As promised, Microsoft officially released its Advanced Threat Analytics (ATA) product for Active Directory in August, Alex Simons, director of program management for the company’s Identity and Security Services unit, announced in a brief Aug. 26 statement.
“You can download the GA [generally availability] evaluation bits and implement ATA in your organization,” wrote Simons. To help administrators incorporate the technology into their Active Directory environments, the company has created a Microsoft Security TechCenter “discussion forum where you can post your questions and feedback,” he added. The company also launched a dedicated TechNet blog for the product.
The software, which is deployed on-premises, is based on technology from last year’s acquisition of Aorato, a provider of Active Directory (AD) security software. Microsoft Advanced Threat Analytics employs machine learning, user behavioral analytics and information on a massive stockpile of known threats to combat identity-based attacks and breaches that can put an organization’s data at risk.
Usernames and passwords are the currency of malicious hackers who sometimes resort to highly personalized phishing emails and sophisticated social engineering techniques to trick users into forking over their access information. ATA relies on a technology called User and Entity Behavioral Analytics (UEBA) to spot behavior that is out of the norm, alerting administrators to potential breaches and enabling them to shut down such attempts quickly and without having to pore over security logs.
Microsoft feels that ATA can help put an end to leaks caused by stolen credentials and other security mishaps that can prove costly to businesses. Compromised credentials are responsible for more than 75 percent of network intrusions, according to the software giant.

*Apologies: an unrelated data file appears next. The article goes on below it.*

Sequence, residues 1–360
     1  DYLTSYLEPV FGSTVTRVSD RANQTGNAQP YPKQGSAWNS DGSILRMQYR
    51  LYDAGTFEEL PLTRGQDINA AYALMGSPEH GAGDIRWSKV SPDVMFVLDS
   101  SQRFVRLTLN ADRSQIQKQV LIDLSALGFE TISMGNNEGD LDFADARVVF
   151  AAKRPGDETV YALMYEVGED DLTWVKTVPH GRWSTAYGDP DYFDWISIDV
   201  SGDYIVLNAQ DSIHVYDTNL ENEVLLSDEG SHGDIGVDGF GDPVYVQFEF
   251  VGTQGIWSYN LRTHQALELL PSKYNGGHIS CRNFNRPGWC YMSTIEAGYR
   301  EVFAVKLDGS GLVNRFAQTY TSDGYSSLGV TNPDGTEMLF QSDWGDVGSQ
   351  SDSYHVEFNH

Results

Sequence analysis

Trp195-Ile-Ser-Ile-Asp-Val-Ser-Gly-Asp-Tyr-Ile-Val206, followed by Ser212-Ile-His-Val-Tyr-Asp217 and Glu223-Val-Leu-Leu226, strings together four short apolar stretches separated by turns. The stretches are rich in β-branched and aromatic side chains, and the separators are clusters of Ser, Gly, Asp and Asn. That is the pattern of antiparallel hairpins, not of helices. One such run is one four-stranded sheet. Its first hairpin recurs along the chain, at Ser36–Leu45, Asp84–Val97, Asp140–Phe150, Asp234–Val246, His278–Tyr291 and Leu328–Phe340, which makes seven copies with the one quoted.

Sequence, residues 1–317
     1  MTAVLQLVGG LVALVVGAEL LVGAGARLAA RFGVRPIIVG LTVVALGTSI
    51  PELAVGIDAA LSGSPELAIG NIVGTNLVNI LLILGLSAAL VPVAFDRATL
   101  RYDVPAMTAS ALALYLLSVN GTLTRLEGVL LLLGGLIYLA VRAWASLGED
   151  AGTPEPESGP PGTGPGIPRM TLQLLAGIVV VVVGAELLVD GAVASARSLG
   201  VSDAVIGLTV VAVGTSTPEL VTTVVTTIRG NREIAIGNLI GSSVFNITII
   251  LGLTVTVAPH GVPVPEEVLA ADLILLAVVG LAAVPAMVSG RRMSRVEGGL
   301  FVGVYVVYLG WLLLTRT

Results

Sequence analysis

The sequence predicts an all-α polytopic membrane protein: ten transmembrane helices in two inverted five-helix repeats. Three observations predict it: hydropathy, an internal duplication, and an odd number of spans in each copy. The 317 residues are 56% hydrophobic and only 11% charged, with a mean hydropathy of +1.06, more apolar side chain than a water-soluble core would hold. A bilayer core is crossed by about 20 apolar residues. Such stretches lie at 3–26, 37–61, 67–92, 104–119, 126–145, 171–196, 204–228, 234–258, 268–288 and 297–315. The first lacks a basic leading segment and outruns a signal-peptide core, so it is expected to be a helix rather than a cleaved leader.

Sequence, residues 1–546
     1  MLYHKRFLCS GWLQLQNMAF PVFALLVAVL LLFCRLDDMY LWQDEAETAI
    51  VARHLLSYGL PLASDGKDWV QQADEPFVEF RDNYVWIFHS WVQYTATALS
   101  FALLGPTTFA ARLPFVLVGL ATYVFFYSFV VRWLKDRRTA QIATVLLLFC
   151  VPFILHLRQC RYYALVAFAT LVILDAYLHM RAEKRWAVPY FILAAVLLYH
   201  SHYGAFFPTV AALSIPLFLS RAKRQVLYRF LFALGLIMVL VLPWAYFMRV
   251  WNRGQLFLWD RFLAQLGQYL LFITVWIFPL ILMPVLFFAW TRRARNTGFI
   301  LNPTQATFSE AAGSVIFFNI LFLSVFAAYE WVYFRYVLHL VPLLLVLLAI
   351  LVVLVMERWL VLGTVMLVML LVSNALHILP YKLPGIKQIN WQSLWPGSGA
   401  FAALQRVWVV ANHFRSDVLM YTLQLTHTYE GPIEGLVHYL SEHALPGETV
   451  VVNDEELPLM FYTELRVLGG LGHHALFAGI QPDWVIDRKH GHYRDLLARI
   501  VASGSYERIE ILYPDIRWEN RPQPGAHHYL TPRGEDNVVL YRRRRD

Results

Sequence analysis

And for enterprises, the cost of those intrusions is quickly adding up. Data breaches are costing companies an average of $3.5 million, Microsoft claims. All told, cyber-crime is taking an estimated $500 million—a half-trillion dollars—out of the global economy each year.
ATA is one example of Microsoft focusing its enterprise security and management efforts on the user.
On Aug. 17, the company announced that it had enabled a new one-step mobile-device management (MDM) enrollment feature on its new Windows 10 that streamlines the process of on-boarding devices running the new operating system. Powered by Azure Active AD and Intune, the capability makes “it drop-dead simple to bring devices into a well-managed state that complies with your corporate policies,” Alex Simons, director of program management at Microsoft’s Identity and Security Services Division, said in a statement.
Giving the boot to devices that are breaking the rules is just as simple, boasted Microsoft Program Manager Mahesh Unnikrishnan. “When a device is found to be out of compliance, Azure AD’s conditional access control engine will block access to users for applications that require compliant devices. In this scenario, an ‘access denied’ message will be displayed to end users,” wrote Unnikrishnan in a company blog post.
In June, Microsoft rolled out a new reporting option for Azure Active Directory Premium. By glancing at the new Users with Leaked Credentials view, administrators can see if any of their users’ credentials are present in publicly posted lists.